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Although Adolf Hitler wanted to kill all of Europe’s Jews, he apparently had a soft spot for one in particular. A Jewish judge was reportedly spared for a while because of a letter that claimed Hitler wanted him protected, reports the Associated Press, citing an article in the Berlin quarterly Jewish Voice From Germany.
Ernst Hess, a judge, had served in the same WWI unit as Hitler and had even briefly been his commanding officer. In the Jewish Voice From Germany historian Susanne Mauss writes that she found a letter from Heinrich Himmler that grants Hess protection “as per the Fuhrer’s wishes.” That protection apparently lasted until 1942, after which Hess lost his special protection and had to work in a forced labor camp.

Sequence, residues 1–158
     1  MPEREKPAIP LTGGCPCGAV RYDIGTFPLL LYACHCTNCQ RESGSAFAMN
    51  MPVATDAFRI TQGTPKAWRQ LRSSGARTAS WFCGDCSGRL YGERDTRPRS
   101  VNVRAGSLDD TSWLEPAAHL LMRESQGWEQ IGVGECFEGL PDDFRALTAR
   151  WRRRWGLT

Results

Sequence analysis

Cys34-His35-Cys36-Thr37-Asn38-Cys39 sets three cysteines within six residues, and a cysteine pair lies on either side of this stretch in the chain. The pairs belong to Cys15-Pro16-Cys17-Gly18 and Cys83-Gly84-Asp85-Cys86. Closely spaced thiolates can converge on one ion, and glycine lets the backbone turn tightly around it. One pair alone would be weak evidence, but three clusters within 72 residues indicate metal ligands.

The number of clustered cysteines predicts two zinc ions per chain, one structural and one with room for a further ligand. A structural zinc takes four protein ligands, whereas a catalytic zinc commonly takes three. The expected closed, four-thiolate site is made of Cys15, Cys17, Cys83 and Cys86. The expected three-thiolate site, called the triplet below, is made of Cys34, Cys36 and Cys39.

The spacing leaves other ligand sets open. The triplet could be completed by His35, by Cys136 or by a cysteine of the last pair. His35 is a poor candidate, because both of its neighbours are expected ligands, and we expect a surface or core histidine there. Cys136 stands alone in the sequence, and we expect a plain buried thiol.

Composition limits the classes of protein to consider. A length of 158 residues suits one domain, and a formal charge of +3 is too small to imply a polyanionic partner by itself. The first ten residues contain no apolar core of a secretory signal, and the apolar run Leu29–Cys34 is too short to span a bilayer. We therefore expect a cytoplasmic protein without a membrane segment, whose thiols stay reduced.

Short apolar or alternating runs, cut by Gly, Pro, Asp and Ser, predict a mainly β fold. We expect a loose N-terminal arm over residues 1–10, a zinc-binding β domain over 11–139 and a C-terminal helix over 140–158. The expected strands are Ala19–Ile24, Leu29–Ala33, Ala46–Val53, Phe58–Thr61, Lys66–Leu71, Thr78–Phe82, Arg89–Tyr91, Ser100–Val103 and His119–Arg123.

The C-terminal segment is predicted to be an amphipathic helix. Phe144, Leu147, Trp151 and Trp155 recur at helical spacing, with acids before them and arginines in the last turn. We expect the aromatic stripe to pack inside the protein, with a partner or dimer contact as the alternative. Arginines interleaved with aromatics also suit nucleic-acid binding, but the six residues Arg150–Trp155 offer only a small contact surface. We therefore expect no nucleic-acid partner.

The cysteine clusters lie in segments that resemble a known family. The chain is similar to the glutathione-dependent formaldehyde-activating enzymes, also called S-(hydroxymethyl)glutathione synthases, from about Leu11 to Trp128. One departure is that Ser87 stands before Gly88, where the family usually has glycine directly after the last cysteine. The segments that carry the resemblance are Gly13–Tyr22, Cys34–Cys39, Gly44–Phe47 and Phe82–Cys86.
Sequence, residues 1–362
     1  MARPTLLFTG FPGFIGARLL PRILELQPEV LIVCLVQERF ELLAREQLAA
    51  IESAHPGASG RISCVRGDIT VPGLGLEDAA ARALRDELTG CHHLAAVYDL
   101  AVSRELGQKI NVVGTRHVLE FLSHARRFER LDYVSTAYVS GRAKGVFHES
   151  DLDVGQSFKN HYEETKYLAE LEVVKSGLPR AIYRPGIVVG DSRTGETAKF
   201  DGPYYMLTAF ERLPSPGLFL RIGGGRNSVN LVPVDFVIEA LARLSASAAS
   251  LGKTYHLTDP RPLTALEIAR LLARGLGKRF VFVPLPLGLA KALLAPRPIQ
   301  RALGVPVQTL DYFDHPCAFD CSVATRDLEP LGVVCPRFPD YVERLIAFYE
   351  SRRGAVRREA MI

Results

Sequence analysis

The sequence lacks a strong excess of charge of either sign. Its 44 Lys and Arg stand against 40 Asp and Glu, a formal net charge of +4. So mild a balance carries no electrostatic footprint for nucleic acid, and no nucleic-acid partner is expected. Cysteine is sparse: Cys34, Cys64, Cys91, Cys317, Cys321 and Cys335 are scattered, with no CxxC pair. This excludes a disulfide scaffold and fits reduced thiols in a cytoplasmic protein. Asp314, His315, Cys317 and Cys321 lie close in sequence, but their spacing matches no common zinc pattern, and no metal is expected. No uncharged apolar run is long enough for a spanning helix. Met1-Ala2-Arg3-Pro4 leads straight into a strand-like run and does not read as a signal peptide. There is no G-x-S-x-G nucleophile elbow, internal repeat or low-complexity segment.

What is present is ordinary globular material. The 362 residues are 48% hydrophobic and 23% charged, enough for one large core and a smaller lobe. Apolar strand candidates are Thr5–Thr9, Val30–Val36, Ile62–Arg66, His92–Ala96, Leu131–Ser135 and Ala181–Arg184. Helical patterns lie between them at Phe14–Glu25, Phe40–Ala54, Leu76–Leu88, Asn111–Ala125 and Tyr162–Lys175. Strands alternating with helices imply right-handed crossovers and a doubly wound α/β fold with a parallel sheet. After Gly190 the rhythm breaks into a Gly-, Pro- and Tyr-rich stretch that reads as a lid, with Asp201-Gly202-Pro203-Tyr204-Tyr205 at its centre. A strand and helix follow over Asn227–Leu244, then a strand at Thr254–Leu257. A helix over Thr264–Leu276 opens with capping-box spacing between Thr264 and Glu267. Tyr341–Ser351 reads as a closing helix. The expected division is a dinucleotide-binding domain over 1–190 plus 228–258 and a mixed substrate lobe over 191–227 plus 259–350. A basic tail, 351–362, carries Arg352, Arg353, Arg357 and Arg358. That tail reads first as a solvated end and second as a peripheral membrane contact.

Mauss talks to Hess’ 86-year-old daughter who says her father and others in his unit would often express shock at Hitler’s rising political fame in the 1920s and 1930s, noting that he had no friends in the unit and had been “an absolute cipher.”
A historian tells the AP that while it’s possible the letter is genuine, he cautioned that it didn’t mean the order actually came from Hitler. In particular, Fritz Wiedemann, Hitler’s aide, has long been known to have been sympathetic towards Jewish veterans.